Stories about Nusrat fateh ali khan

From Dil Dil Pakistan to Dil Dil Hindustan

They say, imitation is the sincerest form of flattery, which is partly true. Imagine a comedian friend in your group, making fun of the way you walk or the way you talk or some of your special behaviour. Everyone will have a laugh at your expense but you might still be able to enjoy it too. However, I am not sure if plagiarism (an obvious kind of “imitation”) is the best form of flattery. Imagine a music director or a writer spending hours and hours of their time on creating something original and someone casually takes it, rephrases or re-tunes it ...

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How I jumped off the porch and wrote a book at the age of 21

When I was seven-years-old, I wrote a poem about a cat too afraid to jump off a three-foot porch. The cat’s name was Tom, and he was afraid of heights and thought he’d die if he made the jump. At the end of the two stanza poem, Tom makes the jump and realises he’s a fairly good jumper – as all cats are. From that day on, Tom isn’t afraid to jump off the porch. From that day on, Tom is brave. When I was 16-years-old, I fell in love with an amazing girl who would go on and break ...

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How Bollywood’s curtain call became a blessing in disguise for Pakistan

This has been a year of reformation and introspection for Pakistan’s entertainment industry. After India closed its doors to Pakistani artists in the wake of the Uri attack last year, Pakistani artistes – who were minting a heavy buck from the biggest culture industry in Asia, Bollywood – were forced to come up with a plan B. Nothing can compare to the attention and recognition a successful project in India can bring. In fact, a lot of Pakistani artistes still bank on that one short role (that nobody remembers) to enhance their portfolio. But as Junoon said in their song, “khwaab ...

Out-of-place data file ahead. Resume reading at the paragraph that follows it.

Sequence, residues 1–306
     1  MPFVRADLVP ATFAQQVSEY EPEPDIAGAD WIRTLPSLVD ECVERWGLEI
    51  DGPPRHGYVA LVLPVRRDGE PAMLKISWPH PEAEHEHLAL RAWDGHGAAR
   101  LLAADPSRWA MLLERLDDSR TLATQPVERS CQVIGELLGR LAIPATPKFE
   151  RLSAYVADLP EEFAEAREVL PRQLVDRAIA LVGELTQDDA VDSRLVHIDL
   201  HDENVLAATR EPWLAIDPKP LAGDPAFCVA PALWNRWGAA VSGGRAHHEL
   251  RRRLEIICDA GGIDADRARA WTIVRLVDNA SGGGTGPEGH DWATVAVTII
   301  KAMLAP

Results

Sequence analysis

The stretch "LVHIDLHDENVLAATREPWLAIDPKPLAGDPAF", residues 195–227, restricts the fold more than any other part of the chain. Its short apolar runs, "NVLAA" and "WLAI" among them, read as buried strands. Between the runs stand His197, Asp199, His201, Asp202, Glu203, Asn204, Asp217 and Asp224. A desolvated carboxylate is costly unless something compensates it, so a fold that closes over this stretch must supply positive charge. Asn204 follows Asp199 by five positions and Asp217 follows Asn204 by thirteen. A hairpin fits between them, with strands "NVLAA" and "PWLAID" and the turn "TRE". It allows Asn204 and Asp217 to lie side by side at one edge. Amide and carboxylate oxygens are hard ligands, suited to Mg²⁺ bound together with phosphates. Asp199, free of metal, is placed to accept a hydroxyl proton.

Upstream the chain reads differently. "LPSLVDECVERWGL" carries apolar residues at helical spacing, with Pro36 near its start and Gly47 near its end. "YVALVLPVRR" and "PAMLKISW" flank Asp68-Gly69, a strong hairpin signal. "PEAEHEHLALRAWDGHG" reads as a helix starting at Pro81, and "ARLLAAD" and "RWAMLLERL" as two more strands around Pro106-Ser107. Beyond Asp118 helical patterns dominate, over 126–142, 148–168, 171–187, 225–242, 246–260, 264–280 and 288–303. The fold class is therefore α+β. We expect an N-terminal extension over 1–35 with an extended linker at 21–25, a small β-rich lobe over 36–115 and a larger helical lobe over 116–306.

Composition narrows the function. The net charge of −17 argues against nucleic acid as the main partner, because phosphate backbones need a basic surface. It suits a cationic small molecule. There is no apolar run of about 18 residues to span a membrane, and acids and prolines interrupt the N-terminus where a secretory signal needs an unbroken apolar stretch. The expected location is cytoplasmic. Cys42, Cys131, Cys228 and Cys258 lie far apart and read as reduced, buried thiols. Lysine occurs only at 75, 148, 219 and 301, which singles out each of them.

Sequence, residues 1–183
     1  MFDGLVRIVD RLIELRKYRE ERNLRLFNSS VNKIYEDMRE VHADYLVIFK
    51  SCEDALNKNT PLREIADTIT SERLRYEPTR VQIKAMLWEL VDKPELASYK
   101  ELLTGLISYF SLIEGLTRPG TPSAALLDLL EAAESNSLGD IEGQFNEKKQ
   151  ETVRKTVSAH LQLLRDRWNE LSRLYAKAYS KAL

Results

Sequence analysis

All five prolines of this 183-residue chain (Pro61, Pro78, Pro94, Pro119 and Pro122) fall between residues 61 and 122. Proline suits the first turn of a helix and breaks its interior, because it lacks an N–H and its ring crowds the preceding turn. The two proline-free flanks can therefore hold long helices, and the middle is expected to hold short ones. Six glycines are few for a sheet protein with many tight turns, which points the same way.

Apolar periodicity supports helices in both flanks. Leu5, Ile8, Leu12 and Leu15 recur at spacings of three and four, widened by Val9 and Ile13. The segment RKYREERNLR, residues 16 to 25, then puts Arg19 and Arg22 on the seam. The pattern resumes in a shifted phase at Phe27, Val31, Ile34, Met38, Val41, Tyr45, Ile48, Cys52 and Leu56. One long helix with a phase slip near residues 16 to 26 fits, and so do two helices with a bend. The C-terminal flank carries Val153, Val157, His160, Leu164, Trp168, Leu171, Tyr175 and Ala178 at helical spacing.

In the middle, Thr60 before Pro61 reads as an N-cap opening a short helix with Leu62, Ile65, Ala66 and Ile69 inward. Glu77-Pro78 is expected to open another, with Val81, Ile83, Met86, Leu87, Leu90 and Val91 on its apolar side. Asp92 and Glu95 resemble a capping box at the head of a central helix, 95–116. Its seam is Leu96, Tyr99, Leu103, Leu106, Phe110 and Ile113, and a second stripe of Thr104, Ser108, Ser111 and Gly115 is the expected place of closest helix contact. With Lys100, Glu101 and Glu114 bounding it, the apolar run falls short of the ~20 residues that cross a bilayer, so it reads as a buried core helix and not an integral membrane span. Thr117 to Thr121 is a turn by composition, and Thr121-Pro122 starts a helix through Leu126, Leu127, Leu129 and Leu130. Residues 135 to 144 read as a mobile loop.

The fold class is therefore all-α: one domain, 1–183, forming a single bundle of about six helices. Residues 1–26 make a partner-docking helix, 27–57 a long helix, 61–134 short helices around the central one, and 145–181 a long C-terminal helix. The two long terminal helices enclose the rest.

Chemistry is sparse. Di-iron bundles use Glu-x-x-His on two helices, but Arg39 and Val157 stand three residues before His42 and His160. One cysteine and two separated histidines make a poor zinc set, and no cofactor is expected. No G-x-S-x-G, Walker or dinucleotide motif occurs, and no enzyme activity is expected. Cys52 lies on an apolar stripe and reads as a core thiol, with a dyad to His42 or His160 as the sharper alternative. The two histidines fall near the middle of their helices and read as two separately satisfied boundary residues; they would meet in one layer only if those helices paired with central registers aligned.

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Coke Studio 10: A season of tributes that is too star-studded to be true?

You cannot make everyone happy. And nowhere does this apply more fittingly than to every offering of Pakistan’s musical opus: Coke Studio. The show, a success story like no other, has put Pakistan on the global culture map, but continues to divide opinions roaringly, more so of late. If the show plays it safe with covers, it’s unoriginal; if it delves into too much innovation, it becomes another Nescafe Basement. Navigating through the public complaints doesn’t always seem smooth for this show that has single-handedly rejuvenated Pakistan’s musical scene. With the line-up for the latest season having just been released, the furore is already upon us. For ...

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Four reasons why Coke Studio’s Afreen Afreen is my new favourite

Coke Studio’s second episode went on air on August 19, 2016, and Afreen Afreen, sung by Rahat Fateh Ali Khan and Momina Mustehsan, stole the limelight – rightfully so. While some loved it and others hated it – for me, Afreen Afreen encompassed exactly what Coke Studio is all about. Coke Studio started nine years ago, and succeeded in bringing famous Pakistani singers together on a platform in order to recreate some of the most legendary songs of the past. When I say recreate, it should be made clear that recreation does not mean singing it again, as it is, rather it means creating something new, with the essence of ...

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23 reasons why I love Pakistan and you should too!